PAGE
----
THE prospect of a general election next month appears to have increased after Boris Johnson called an emergency Cabinet meeting this afternoon to discuss the consequences of the so-called Rebel Alliance winning a Commons vote to force another Brexit delay.

It is suggested that the Prime Minister could seek to dissolve the UK Parliament as early as Wednesday if he loses the key vote as he would feel he would need a fresh mandate from the public to continue with his Brexit strategy. 

Going to the country before Brexit Day would be a massive gamble for Mr Johnson given that Nigel Farage's Brexit Party will campaign on yet another Conservative Government still not having delivered Britain's withdrawal from the EU more than three years after the 2016 referendum result.

Bookies suspended betting on a general election after a wave of bets was made.

A Downing St source said: “Cabinet will discuss the Government's response to MPs seeking to take control of legislative agenda away from Government and handing it to the Opposition and Corbyn without the consent of the people.

“The view is that tomorrow’s possible vote is an expression of confidence in the Government’s negotiating position...”

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This was later clarified to underline that “an expression of confidence” in the Government’s negotiating position was not necessarily the same as a formal issue of confidence in the Government.

On hearing the news of the emergency Cabinet, Nicola Sturgeon, the First Minister, quickly tweeted: "As talk of a general election mount, I say 'bring it on'...but it must be before Oct 31. MPs must not allow Johnson to game the date as a ploy to push through a no-deal Brexit."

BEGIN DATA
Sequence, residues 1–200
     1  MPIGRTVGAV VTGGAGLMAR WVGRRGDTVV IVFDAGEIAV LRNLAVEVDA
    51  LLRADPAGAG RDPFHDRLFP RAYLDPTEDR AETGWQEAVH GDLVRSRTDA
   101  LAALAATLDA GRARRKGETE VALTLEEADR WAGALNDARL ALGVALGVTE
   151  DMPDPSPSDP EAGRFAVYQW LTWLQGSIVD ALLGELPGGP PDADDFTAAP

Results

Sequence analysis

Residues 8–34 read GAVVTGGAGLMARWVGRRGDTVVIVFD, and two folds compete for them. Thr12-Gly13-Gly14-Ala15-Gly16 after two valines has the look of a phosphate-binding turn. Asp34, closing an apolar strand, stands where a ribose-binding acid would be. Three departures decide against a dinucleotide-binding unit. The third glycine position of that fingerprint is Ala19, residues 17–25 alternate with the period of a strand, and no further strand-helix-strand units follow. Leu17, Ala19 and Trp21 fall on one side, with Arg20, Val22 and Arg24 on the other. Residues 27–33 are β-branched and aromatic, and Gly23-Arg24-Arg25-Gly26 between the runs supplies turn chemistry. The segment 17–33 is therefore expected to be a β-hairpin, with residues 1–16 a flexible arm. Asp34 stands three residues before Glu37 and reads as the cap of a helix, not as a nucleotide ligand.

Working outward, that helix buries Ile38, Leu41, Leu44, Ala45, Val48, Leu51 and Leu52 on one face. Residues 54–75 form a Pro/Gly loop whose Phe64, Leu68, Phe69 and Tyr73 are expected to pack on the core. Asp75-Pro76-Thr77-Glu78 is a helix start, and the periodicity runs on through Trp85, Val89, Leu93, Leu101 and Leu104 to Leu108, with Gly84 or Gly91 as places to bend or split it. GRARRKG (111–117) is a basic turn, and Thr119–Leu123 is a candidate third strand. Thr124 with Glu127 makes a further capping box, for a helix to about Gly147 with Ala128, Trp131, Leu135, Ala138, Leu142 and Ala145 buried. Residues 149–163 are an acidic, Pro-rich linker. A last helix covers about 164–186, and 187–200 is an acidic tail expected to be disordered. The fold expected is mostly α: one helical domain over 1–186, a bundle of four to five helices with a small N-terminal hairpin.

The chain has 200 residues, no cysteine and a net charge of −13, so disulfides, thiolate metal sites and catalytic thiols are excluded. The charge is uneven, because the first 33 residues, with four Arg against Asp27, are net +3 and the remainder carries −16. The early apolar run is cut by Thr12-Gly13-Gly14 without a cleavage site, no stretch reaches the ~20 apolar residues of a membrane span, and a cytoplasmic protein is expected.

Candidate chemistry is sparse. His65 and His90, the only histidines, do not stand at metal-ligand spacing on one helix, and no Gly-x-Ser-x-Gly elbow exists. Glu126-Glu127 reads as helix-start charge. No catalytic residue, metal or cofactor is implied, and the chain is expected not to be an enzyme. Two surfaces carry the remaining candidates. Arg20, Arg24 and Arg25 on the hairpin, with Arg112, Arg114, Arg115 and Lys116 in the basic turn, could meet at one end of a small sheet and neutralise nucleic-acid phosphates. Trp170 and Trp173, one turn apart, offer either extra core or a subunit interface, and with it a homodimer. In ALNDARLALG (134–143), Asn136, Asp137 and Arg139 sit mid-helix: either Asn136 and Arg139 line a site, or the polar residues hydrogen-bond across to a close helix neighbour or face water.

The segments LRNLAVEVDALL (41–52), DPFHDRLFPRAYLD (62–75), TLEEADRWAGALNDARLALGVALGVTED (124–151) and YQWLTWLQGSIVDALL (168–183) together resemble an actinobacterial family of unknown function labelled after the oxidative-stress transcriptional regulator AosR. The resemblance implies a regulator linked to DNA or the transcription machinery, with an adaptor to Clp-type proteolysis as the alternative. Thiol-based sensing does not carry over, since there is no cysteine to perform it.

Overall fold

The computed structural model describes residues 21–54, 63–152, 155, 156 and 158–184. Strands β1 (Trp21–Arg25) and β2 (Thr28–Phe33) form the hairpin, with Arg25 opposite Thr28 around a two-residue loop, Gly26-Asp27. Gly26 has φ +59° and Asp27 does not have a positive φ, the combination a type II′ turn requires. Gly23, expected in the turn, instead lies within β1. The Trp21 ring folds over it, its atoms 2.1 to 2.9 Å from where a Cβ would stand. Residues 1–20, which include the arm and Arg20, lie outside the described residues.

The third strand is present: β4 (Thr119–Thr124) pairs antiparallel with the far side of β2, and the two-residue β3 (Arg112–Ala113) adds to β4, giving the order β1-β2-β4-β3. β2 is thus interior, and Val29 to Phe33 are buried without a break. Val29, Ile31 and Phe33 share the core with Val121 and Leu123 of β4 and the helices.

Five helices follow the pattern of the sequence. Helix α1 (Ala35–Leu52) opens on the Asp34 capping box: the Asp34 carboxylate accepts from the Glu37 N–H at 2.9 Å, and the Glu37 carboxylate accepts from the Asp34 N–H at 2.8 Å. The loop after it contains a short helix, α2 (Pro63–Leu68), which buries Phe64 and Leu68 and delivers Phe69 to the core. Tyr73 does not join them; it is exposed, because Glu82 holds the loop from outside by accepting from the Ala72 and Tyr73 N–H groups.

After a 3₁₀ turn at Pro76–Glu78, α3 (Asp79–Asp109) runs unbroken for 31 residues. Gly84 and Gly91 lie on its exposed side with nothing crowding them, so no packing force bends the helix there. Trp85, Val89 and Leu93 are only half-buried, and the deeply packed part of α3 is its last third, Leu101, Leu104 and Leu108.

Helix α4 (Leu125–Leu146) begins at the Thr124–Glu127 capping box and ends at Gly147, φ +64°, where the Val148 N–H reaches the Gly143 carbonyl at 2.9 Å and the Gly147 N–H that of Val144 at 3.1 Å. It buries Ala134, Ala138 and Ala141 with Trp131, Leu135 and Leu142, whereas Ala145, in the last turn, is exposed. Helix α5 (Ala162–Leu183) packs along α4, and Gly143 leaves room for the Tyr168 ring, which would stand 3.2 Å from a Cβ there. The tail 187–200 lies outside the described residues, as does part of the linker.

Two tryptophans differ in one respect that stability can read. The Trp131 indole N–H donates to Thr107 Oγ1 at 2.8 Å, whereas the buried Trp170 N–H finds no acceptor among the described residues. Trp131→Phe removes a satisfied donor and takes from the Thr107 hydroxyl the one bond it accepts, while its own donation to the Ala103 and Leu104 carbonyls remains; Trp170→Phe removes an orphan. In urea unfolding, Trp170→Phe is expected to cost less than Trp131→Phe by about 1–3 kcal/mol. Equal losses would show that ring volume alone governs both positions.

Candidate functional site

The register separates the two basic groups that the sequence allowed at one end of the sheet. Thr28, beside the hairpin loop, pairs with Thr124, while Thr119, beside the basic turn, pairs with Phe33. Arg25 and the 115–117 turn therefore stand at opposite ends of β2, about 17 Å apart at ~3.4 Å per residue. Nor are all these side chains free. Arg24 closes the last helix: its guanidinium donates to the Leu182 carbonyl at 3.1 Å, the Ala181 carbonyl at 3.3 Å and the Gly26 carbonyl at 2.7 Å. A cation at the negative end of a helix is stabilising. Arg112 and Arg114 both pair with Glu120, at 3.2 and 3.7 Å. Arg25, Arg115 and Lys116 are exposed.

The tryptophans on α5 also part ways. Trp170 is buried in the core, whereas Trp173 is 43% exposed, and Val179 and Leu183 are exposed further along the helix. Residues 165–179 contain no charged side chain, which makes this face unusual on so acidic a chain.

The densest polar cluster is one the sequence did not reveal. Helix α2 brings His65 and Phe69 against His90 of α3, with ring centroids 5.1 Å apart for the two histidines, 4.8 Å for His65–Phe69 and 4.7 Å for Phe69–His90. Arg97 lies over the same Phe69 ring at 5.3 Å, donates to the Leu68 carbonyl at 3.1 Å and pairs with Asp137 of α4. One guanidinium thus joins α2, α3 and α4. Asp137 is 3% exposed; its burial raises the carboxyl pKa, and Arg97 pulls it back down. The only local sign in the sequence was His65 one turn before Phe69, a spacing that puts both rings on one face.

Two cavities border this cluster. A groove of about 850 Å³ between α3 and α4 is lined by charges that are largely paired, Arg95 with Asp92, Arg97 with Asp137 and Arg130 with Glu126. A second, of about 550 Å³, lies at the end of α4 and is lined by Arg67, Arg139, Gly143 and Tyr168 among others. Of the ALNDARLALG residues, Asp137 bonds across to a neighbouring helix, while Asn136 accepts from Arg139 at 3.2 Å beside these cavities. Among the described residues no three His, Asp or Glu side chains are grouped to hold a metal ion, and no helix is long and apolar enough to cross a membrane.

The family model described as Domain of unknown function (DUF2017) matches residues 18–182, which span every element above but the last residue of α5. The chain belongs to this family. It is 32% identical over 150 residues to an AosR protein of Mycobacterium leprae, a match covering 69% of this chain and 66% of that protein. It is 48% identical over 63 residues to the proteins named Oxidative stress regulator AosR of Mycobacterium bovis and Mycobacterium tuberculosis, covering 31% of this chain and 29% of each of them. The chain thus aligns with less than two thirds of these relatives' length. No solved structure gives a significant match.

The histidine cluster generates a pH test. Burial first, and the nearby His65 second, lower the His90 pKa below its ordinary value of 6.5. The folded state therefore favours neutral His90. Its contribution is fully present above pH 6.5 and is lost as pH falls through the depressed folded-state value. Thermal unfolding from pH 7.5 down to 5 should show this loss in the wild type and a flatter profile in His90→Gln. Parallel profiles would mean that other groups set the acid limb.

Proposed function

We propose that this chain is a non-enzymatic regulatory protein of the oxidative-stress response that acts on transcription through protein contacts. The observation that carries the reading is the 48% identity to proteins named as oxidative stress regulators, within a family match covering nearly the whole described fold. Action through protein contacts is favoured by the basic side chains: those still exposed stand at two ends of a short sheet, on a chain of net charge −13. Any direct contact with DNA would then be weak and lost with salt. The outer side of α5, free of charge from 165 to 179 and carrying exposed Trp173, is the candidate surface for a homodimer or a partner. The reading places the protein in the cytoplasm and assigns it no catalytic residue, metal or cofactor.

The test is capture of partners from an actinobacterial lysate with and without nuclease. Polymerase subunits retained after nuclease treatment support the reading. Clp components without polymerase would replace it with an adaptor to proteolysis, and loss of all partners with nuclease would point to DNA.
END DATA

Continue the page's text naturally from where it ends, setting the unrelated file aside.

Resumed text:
Tensions are building up before what is expected to be another historic set-piece debate on Brexit tomorrow when Labour, the SNP, the Liberal Democrats and other opposition parties, aided by some 20 Tory rebels, seek to take control of the Commons agenda to pass a bill to block Brexit from happening on October 31. The precise wording of the legislation is expected to be published this afternoon.

No 10 had earlier announced that the Cabinet would meet on Wednesday morning ahead of the Spending Review statement by Sajid Javid, the Chancellor.

But this lunchtime, in a dramatic move Downing St let it be known that an emergency Cabinet meeting would take place just before 5pm. Later, the Prime Minister is due to host his Conservative colleagues at a No 10 drinks reception on the eve of Westminster’s return following the summer break.

Opposition leaders are quietly confident that they have the numbers to win a Brexit extension vote despite Mr Johnson’s threat to any Tory rebel, that if they sided with the likes of Jeremy Corbyn, Ian Blackford and Jo Swinson in the voting lobbies, then they would forfeit the party whip and would lose the chance to be the Conservative candidate in their seat at a snap election.

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One suggestion now is that if Mr Johnson lost the Brexit extension vote, he would table a motion for a general election under the Fixed Term Parliaments Act, which would require a two-thirds majority.

To get this through, however, opposition forces would need to know an election would take place before Brexit Day, so that, if a majority voted against the Tories, they could delay or even stop Britain’s withdrawal.

Yet, by law, the power over naming an election date rests with the PM, who recommends one to the Queen, who by convention complies.

Earlier, Tony Blair urged Mr Corbyn to steer clear of an early election, which he described as an “elephant trap”. He warned the Labour leader a snap poll would split the opposition parties’ vote and could produce a "comfortable Tory majority" unless they worked together.

Mr Blair said he would vote for Mr Corbyn if it would stop a no-deal Brexit but admitted he felt a "dilemma".

He explained: "I personally believe so strongly on Brexit I would do anything to stop it," adding: "On the other hand, it's no great secret that people like me have real issues with the[Labour] programme.”